The New York Times

Books So Tiny That Unabridged Often Means Unread
April 23, 2013

He browsed the books like a giant looking for something to read. Some were small enough to fit into a fold of his hand. Many of the books were illegibly small, and he didn’t know what they were all about. But reading them was never the point.

Neale Albert, 75, is a collector of miniature books, and he may be the most serious collector living in New York. By definition, miniature books are properly printed and bound, and for the most part no larger than three inches. Mr. Albert has over 4,000 of them, some the size of matchboxes

Copyright Law: We Have Created a Monster. How we did it, and how to work around it.
April 12, 2013

The Supreme Court clarified early in April in Kirtsaeng v Wiley that the “first use” doctrine in copyright law applied to any work lawfully manufactured anywhere in the world and purchased anywhere in the world. This ruling upset many in the publisher world, and relieved many in the library and bookseller world.

First use means that after purchase of a legally manufactured copyrighted work, the user can resell, rent or loan the work without permission of, or royalty payments to, the copyright holder. The used book and library markets, for example, are built on this foundation. Kirtsaeng was purchasing textbooks printed abroad more cheaply and reselling them in the U.S. Wiley lost on its claim that first use should also apply to the first U.S. sale of books manufactured and purchased abroad.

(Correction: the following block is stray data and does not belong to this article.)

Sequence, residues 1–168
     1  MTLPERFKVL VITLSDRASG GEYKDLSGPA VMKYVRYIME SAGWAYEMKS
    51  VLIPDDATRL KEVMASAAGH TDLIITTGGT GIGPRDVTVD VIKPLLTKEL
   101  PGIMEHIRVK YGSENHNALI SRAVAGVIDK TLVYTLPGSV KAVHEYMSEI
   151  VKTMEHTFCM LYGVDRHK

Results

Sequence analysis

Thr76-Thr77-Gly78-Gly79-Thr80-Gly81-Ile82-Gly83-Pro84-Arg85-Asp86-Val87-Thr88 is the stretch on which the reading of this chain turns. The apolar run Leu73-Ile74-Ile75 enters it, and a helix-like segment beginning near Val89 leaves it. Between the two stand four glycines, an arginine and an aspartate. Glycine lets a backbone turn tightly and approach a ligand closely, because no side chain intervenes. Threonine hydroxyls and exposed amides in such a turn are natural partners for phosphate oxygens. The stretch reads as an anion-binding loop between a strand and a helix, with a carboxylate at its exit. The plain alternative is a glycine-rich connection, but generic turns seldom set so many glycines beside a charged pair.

As Scott Turow, President of the Author’s Guild (of which I am a member), saw it in a New York Times op ed on April 7, “The Slow Death of the American Author,” the Kirtsaeng case was only the latest nail in the coffin awaiting authors. It cut off an additional revenue stream, since secondary sales do not pay royalties.

Edward Jay Epstein announces "Annals of Unsolved Crime: The Ultimate Online Q&A," an online interactive series to be powered by Shindig
April 12, 2013

Prize-winning investigative reporter Edward Jay Epstein will speak to true crime fans and conspiracy enthusiasts around the globe through a series of interactive online video chats discussing some of history's most intriguing unsolved crimes, which are the topic of his recent book, The Annals of Unsolved Crime.

The series will comprise an initial six online chats on Tuesdays at 5pm EDT and will be powered by Shindig.com, an interactive platform for large scale video chat events, allowing attendees to enjoy a live talk by a notable personality, share the stage to ask them questions face-to-face or to privately video chat with other participants in the event. "Shindig provides an extraordinary interactive means of directly answering questions provoked by the cases in my book," Epstein said. The discussions will be free, but are limited to the first 800 RSVPs who sign up at: www.mhpbooks.com/unsolvedcrime

Night Shade Books' would-be owners on their controversial deal: "We're the good guys"
April 8, 2013

Night Shade Books has published some of the coolest books of the past several years, but it's also run into financial difficulties. Now Night Shade is trying to sell out to two other entities, in a deal that authors and agents have criticized. We talked to the prospective buyers, and they explained their side of things.

"We're the good guys," insists Jarred Weisfeld with Start Publishing. "We're the ones who are coming in and trying to save something."

In our half-hour phone interview with Weisfeld and his partner in this buyout, Tony Lyons with Skyhorse Publishing, that theme came up several